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https://www.readbyqxmd.com/read/28211483/colonisation-in-social-species-the-importance-of-breeding-experience-for-dispersal-in-overcoming-information-barriers
#1
A Payo-Payo, M Genovart, A Sanz-Aguilar, J L Greño, M García-Tarrasón, A Bertolero, J Piccardo, D Oro
Studying colonisation is crucial to understand metapopulations, evolutionary ecology and species resilience to global change. Unfortunately, few empirical data are available because field monitoring that includes empty patches at large spatiotemporal scales is required. We examine the colonisation dynamics of a long-lived seabird over 34 years in the western Mediterranean by comparing population and individual data from both source colony and the newly-formed colonies. Since social information is not available, we hypothesize that colonisation should follow particular dispersal dynamics and personal information must be crucial in decision making...
February 17, 2017: Scientific Reports
https://www.readbyqxmd.com/read/28202814/early-mortality-saves-energy-estimating-the-energetic-cost-of-excess-offspring-in-a-seabird
#2
Oscar Vedder, He Zhang, Sandra Bouwhuis
Offspring are often produced in excess as insurance against stochastic events or unpredictable resources. This strategy may result in high early-life mortality, yet age-specific mortality before offspring independence and its associated costs have rarely been quantified. In this study, we modelled age-specific survival from hatching to fledging using 24 years of data on hatching order (HO), growth and age of mortality of more than 15 000 common tern (Sterna hirundo) chicks. We found that mortality peaked directly after hatching, after which it declined rapidly...
February 22, 2017: Proceedings. Biological Sciences
https://www.readbyqxmd.com/read/28202811/small-birds-big-effects-the-little-auk-alle-alle-transforms-high-arctic-ecosystems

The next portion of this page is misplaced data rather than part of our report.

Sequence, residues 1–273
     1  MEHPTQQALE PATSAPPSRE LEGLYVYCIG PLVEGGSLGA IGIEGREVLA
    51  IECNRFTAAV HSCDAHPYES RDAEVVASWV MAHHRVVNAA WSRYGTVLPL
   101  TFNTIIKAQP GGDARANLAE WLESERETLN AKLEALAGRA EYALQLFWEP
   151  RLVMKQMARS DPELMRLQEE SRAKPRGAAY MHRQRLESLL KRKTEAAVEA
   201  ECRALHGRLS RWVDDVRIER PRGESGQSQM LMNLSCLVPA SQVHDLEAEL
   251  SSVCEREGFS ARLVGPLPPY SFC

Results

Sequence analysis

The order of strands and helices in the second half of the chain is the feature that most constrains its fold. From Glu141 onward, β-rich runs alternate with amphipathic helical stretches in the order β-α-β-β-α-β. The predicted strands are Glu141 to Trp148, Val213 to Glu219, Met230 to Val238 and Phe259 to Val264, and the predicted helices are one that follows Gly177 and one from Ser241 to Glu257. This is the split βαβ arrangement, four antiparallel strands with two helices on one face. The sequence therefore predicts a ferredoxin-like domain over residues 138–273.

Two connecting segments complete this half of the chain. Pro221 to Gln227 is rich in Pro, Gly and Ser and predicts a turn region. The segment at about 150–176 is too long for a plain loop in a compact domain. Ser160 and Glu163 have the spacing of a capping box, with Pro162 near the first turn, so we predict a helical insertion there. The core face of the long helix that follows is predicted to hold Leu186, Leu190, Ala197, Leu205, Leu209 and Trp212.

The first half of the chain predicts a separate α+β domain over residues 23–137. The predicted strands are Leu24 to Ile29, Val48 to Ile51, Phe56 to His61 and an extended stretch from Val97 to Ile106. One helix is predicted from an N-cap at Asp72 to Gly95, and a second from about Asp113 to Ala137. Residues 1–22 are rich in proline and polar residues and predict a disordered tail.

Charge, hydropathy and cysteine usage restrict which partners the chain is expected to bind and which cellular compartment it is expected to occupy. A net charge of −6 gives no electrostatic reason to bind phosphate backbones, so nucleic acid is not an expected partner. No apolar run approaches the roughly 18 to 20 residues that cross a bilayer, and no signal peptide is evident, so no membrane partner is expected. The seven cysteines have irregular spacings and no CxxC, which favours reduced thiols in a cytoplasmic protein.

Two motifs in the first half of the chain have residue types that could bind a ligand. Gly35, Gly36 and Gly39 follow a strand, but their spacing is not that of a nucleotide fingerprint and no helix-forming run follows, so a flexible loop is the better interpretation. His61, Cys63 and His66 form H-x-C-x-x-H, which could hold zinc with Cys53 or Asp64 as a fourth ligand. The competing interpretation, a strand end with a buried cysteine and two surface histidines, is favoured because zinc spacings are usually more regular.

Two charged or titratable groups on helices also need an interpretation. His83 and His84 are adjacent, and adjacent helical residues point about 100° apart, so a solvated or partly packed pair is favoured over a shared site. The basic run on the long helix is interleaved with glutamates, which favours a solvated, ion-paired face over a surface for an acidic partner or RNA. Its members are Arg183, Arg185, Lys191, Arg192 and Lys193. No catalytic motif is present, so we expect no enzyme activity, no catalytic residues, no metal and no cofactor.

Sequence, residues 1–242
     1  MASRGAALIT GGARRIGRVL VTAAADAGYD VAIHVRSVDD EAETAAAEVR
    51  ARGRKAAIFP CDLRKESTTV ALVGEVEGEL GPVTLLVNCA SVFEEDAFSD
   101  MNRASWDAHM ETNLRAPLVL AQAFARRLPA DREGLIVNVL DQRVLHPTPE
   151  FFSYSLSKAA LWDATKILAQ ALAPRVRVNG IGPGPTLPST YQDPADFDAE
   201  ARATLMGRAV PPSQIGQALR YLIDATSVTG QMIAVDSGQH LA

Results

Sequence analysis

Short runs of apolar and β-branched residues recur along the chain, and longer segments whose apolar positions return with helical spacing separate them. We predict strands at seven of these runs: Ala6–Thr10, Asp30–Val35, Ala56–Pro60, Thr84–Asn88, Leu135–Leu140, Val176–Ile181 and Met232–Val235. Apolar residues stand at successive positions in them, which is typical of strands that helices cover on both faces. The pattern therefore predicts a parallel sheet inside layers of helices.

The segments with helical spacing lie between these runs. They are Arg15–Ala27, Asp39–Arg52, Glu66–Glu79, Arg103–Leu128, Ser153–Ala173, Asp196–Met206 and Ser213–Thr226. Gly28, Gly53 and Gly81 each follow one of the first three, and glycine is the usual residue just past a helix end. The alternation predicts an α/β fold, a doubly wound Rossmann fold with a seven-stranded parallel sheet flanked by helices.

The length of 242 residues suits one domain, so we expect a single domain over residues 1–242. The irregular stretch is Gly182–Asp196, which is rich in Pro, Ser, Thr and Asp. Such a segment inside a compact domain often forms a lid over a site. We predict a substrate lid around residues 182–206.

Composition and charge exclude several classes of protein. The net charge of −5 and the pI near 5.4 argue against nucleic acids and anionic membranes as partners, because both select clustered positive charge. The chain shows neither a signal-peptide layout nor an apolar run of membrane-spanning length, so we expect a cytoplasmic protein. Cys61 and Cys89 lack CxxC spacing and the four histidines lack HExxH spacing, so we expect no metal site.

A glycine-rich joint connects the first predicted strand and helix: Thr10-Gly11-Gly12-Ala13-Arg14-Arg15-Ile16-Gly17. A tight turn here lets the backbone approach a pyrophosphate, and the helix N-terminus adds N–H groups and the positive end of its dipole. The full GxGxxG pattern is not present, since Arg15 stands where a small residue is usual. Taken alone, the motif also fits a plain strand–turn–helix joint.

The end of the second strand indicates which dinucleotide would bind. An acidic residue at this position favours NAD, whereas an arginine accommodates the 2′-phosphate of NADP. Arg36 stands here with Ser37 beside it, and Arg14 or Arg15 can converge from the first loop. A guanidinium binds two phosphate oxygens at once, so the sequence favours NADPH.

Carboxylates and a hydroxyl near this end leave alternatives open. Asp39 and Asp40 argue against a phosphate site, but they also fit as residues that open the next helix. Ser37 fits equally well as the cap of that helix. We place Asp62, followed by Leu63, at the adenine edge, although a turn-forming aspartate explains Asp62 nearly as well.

#3
Ivan González-Bergonzoni, Kasper L Johansen, Anders Mosbech, Frank Landkildehus, Erik Jeppesen, Thomas A Davidson
In some arctic areas, marine-derived nutrients (MDN) resulting from fish migrations fuel freshwater and terrestrial ecosystems, increasing primary production and biodiversity. Less is known, however, about the role of seabird-MDN in shaping ecosystems. Here, we examine how the most abundant seabird in the North Atlantic, the little auk (Alle alle), alters freshwater and terrestrial ecosystems around the North Water Polynya (NOW) in Greenland. We compare stable isotope ratios (δ(15)N and δ(13)C) of freshwater and terrestrial biota, terrestrial vegetation indices and physical-chemical properties, productivity and community structure of fresh waters in catchments with and without little auk colonies...
February 22, 2017: Proceedings. Biological Sciences
https://www.readbyqxmd.com/read/28202269/trace-elements-in-fragments-of-fishing-net-and-other-filamentous-plastic-litter-from-two-beaches-in-sw-england
#4
Andrew Turner
Filamentous plastic litter collected from two beaches in south west England has been characterized by FTIR and XRF. The majority of samples were constructed of polyethylene and consisted of twisted or braided strands of a variety of colours that appeared to be derived from commercial fishing nets. A number of different elements were detected among the samples but, from an environmental perspective, the regular occurrence of Cr and Pb and the occasional or isolated occurrence of Br, Cd and Se were of greatest concern...